Judith Malina, living theater co-founder

Judith Malina co-founded the Living Theater with her husband in 1947 and they remained at the forefront of stage experimentation in the 1950s and 1960s. They were an integral part of the “Counter-culture” of the time. She was only 21 when they started the theater. She had studied acting and directing and remained involved in both throughout her life. Ms. Malina was born in Kiel, a port city in northern Germany, on June 4, 1926. The family moved to New York City when she was very young. She met Mr. Beck in 1943, when she was just 17, and together they attended… Read More

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Iris De La Cruz, AIDS activist

Iris De La Cruz helped found a support group for prostitutes and after she became infected with the AIDS virus, she started several groups for people like her. She started the first support group for positive women and another for hetero singles. She confronted people who looked at her struggle with drugs and prostitution and finally with AIDS as shameful and telling them she was not ashamed. She fought the stigma of AIDS, her body weakened but her spirit and humor never waned.  She was an inspiration to so many people. She did a lot in the short time she was… Read More

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Maria Hernandez, activist

Maria Hernandez lived in Bushwick Brooklyn and fought against drug dealers in the neighborhood. Maria was born in Brooklyn in 1953 and lived in Bushwick until 1989. She was educated at public schools in the borough and went to New York University for Accounting. Maria Hernandez and her husband tried to evict drug dealers from her neighborhood of Bushwick. They tried to stop them by rallying support for their efforts and educating her neighbors about the need to evict the drug dealers. She organized block parties and community gatherings. On August 8, 1989 Maria was shot 5 times through her… Read More

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Lillian Edelstein, tried to save her home in East Tremont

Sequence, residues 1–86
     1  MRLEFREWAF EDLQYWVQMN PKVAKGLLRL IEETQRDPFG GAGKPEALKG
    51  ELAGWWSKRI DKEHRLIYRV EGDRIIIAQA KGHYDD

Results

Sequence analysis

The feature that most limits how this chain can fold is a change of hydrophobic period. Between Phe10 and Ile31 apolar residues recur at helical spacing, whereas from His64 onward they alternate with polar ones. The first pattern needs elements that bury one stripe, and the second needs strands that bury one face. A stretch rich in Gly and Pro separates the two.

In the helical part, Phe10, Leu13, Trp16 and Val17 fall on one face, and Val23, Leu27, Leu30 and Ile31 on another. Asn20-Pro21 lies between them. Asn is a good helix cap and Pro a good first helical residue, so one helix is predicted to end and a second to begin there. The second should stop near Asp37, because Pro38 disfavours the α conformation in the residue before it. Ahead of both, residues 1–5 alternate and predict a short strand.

Lillian Edelstein (1916-2015) was a Jewish Housewife living in East Tremont in The Bronx. Her home and the home of her mother and sister’s family were in the proposed path of the Cross Bronx highway proposed by Robert Moses. She became an activist after realizing the highway would destroy her neighborhood and change the lives of people she loved forever. Most of the families in East Tremont were Jewish immigrants escaping persecution in Europe. East Tremont was considered a step up from living in the Lower East side. The homes were well sized and the people of the neighborhood were… Read More

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James Weldon Johnson, author, educator, diplomat, civil rights activist

James Weldon Johnson (June 17, 1871 – June 26, 1938) was an American author, educator, lawyer, diplomat, songwriter, and civil rights activist. Johnson may be best remembered for his leadership of the National Association for the Advancement of Colored People (NAACP), where he started working in 1917. Johnson established his reputation as a writer, and was known during the Harlem Renaissance for his poems, novels, and anthologies collecting both poems and spirituals of black culture. He was a prominent and influential voice of the Renaissance. In 1934 he was the first African-American professor to be hired at New York University.… Read More

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Lewis H. Michaux, bookstore owner, civil rights activist

Lewis H. Michaux (1895–1976) was a Harlem bookseller and civil rights activist. Between 1932 and 1974 he owned the African National Memorial Bookstore in Harlem, New York City, one of the most prominent African-American bookstores in the country.  Before coming to New York he worked as a pea picker, window washer and deacon in a church in Philadelphia. Michaux opened the African National Memorial Bookstore in 1932 on 7th Avenue and stayed there until 1968, when he was forced to move the store to West 125th Street (on the corner of 7th street) to give space to the State Harlem… Read More

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Holcombe Rucker, activist, basketball tournament founder

Holcombe Rucker (March 2, 1926 – March 20, 1965) was a playground director in Harlem for the New York City Department of Parks & Recreation from 1948 to 1964. He founded the New York City pro-am basketball tournament, that still bears his name and is the namesake of a world-famous basketball court in Harlem. Rucker grew up in Manhattan and  started the tournament in 1950 at a playground on 7th Avenue between 128th and 129th streets. He insisted that education be a fundamental part of the Rucker League, in keeping with its motto — “Each one, teach one.” Through his… Read More

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